Evangelista RM, Makuta S, Yonezu S, Andrews J, Tachibana Y (2016) Semiconductor quantum dot sensitized solar cells based on ferricyanide/ferrocyanide redox electrolyte reaching an open circuit photovoltage of 0.8 V. ACS Appl Mater Inter 8:13957–13965

  30. 30.

    Li W, Zhong X (2015) Capping ligand-induced self-assembly for quantum dot sensitized solar cells. J Phys Chem Lett 6:796–806

  31. 31.

    Li L, Pandey A, Werder DJ, Khanal BP, Pietryga JM, Klimov VI (2011) Efficient synthesis of highly luminescent copper indium sulfide-based core/shell nanocrystals with surprisingly long-lived emission. J Am Chem Soc 133:1176–1179

  32. 32.

    Zhao K, Pan Z, Zhong X (2016) Charge recombination control for high efficiency quantum dot sensitized solar cells. J Phys Chem Lett 7:406–417

  33. 33.

    Pan Z, Zhang H, Cheng K, Hou Y, Hua J, Zhong X (2012) Highly efficient inverted type-I CdS/CdSe core/shell structure QD-sensitized solar cells. ACS Nano 6:3982–3991

  34. 34.

    Fan S, Kim D, Kim J, Jung D, Kang S, Ko J (2009) Highly efficient CdSe quantum-dot-sensitized TiO2 photoelectrodes for solar cell applications. Electrochem Commun 11:1337–1339

  35. 35.

    Yu X, Liao J, Qiu K, Kuang D, Su C (2011) Dynamic study of highly efficient CdS/CdSe quantum dot-sensitized solar cells fabricated by electrodeposition. ACS Nano 5:9494–9500

  36. 36.

    Yang L, Zhou R, Lan J, Zhang Q, Cao G, Zhu J (2014) Efficient band alignment for ZnxCd1 − xSe QD-sensitized TiO2 solar cells. J Mater Chem A 2:3669

  37. 37.

    Yang L, Mccue C, Zhang Q, Uchaker E, Mai Y, Cao G (2015) Highly efficient quantum dot-sensitized TiO2 solar cells based on multilayered semiconductors (ZnSe/CdS/CdSe). Nanoscale 7:3173–3180

  38. 38.

    Boix PP, Larramona G, Jacob A, Delatouche B, Mora-Sero I, Bisquert J (2012) Hole transport and recombination in all-solid Sb2S3-sensitized TiO2 solar cells using CuSCN as hole transporter. J Phys Chem C 116:1579–1587

  39. 39.

    Zarazúa I, Esparza D, López-Luke T, Ceja-Fdez A, Reyes-Gomez J, Mora-Seró I, de la Rosa E (2016) Effect of the electrophoretic deposition of Au NPs in the performance CdS QDs sensitized solar cells. Electrochimica Acta 188:710–717

  40. 40.

    Kongkanand A, Tvrdy K, Takechi K, Kuno M, Kamat PV (2008) Quantum dot solar cells. Tuning photoresponse through size and shape control of CdSe-TiO2 architecture. J Am Chem Soc 130:4007–4015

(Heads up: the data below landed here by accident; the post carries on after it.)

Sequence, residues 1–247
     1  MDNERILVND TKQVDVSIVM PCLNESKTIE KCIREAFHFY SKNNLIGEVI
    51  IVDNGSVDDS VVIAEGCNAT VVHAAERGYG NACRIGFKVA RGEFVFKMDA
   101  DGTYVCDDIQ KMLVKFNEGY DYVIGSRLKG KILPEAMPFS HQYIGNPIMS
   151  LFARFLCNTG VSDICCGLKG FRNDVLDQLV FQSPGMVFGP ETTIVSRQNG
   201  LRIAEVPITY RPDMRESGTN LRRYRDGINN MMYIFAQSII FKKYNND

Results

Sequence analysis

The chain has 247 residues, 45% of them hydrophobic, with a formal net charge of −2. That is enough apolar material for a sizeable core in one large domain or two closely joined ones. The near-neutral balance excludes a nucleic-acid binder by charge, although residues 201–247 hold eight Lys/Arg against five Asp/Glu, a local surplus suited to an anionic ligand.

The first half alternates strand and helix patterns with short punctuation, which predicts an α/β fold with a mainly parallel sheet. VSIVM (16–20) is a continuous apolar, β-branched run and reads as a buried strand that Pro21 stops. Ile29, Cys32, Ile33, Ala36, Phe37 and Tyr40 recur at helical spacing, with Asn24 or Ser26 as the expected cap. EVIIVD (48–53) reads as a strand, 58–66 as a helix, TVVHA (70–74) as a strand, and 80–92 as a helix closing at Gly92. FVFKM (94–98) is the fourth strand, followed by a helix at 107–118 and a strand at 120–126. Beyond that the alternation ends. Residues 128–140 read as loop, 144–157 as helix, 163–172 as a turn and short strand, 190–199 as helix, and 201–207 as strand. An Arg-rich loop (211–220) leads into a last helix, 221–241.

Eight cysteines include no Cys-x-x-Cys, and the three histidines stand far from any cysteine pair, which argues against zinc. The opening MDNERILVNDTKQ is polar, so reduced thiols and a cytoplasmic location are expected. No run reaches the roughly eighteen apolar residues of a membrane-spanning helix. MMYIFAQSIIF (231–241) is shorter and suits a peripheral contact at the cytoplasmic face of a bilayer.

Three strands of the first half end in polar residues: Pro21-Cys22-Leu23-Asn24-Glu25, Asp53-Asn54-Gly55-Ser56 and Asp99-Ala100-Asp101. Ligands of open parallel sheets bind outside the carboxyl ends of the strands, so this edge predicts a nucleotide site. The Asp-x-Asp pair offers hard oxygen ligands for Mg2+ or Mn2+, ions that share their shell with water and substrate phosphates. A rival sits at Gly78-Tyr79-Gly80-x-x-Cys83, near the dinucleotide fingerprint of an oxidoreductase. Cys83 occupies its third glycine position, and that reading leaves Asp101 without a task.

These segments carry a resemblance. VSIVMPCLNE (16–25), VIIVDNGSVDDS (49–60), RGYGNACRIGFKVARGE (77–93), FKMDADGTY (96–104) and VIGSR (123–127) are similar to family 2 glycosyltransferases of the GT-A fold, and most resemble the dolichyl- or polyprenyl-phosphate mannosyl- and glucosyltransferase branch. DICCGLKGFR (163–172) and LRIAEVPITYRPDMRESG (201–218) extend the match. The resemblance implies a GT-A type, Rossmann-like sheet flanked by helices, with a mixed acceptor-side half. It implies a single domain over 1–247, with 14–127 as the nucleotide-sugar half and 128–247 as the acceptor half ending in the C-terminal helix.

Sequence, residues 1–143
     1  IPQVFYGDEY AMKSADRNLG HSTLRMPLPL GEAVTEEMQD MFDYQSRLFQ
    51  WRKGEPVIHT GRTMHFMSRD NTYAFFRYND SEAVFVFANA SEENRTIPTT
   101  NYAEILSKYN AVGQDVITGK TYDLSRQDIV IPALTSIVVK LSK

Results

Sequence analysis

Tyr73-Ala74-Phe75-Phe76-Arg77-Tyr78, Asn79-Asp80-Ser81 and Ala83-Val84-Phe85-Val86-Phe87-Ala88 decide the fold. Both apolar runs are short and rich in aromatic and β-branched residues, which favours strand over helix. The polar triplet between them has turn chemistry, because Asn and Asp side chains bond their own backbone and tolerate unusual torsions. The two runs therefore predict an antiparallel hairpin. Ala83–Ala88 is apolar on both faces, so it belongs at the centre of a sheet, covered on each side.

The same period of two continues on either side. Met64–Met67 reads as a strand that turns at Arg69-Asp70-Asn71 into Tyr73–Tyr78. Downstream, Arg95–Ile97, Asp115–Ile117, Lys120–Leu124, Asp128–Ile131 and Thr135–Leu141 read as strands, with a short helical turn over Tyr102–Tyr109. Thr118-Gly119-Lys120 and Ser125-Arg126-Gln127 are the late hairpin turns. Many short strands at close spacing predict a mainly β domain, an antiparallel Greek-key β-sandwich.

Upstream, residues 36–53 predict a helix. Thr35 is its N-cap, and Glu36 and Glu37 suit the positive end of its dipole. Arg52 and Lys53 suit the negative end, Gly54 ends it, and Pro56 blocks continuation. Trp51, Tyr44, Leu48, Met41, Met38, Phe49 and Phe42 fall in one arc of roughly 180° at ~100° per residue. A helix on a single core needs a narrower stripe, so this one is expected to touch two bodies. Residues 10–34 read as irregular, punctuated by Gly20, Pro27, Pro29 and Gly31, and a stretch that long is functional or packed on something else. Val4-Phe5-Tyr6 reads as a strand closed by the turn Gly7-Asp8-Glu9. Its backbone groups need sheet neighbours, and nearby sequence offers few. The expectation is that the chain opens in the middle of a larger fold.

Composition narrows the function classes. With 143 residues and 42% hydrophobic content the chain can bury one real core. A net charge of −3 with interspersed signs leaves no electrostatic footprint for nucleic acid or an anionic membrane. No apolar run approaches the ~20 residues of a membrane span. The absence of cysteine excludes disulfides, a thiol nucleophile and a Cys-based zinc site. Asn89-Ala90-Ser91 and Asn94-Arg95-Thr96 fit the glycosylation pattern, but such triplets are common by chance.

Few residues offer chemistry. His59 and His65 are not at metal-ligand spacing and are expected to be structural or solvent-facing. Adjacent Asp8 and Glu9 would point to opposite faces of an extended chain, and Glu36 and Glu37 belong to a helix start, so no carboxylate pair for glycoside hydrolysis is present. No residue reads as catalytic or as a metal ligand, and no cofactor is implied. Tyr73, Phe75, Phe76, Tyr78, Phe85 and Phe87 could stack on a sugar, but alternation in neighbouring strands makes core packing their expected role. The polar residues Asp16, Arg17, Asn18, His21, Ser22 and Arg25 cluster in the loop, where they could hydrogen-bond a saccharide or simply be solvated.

41. 41.

    Robel I, Kuno M, Kamat PV (2007) Size-dependent electron injection from excited CdSe quantum dots into TiO2 nanoparticles. J Am Chem Soc 129:4136–4137

Download references

Acknowledgements

The authors greatly acknowledge the Hebei Key Laboratory of Opticelectric Information and Materials and the National & Local Joint Engineering Laboratory of New Energy Photoelectric Devices for the measurement assistance.

Funding

This research was supported by the National Natural Science Foundation of China (No. 11604072), Scientific and Technological Research Project of Hebei Province (No. QN2015008), and the Preferentially Supported Project for People Studying Abroad of Hebei Province (No. C2015005010). The authors also wish to thank the Hebei Key Laboratory of Opticelectric Information and Materials and the National & Local Joint Engineering Laboratory of New Energy Photoelectric Devices for the measurement assistance.

Availability of Data and Materials

All the data are fully available without restrictions.

Author information

YL supervised the whole project and interpreted the results. FB performed the experiments and data analysis. DC classified and analyzed the reference papers. All authors contributed to the general discussion. All authors read and approved the final manuscript.

Correspondence to Lin Yang.

Ethics declarations

Competing Interests

The authors declare that they have no competing interests.

Publisher’s Note

Springer Nature remains neutral with regard to jurisdictional claims in published maps and institutional affiliations.

Rights and permissions

Open Access This article is distributed under the terms of the Creative Commons Attribution 4.0 International License (http://creativecommons.org/licenses/by/4.0/), which permits unrestricted use, distribution, and reproduction in any medium, provided you give appropriate credit to the original author(s) and the source, provide a link to the Creative Commons license, and indicate if changes were made.

Reprints and Permissions

About this article

Verify currency and authenticity via CrossMark

Keywords

  • CuInS2 quantum dots
  • Solar cells
  • Charge recombination
  • Electron transfer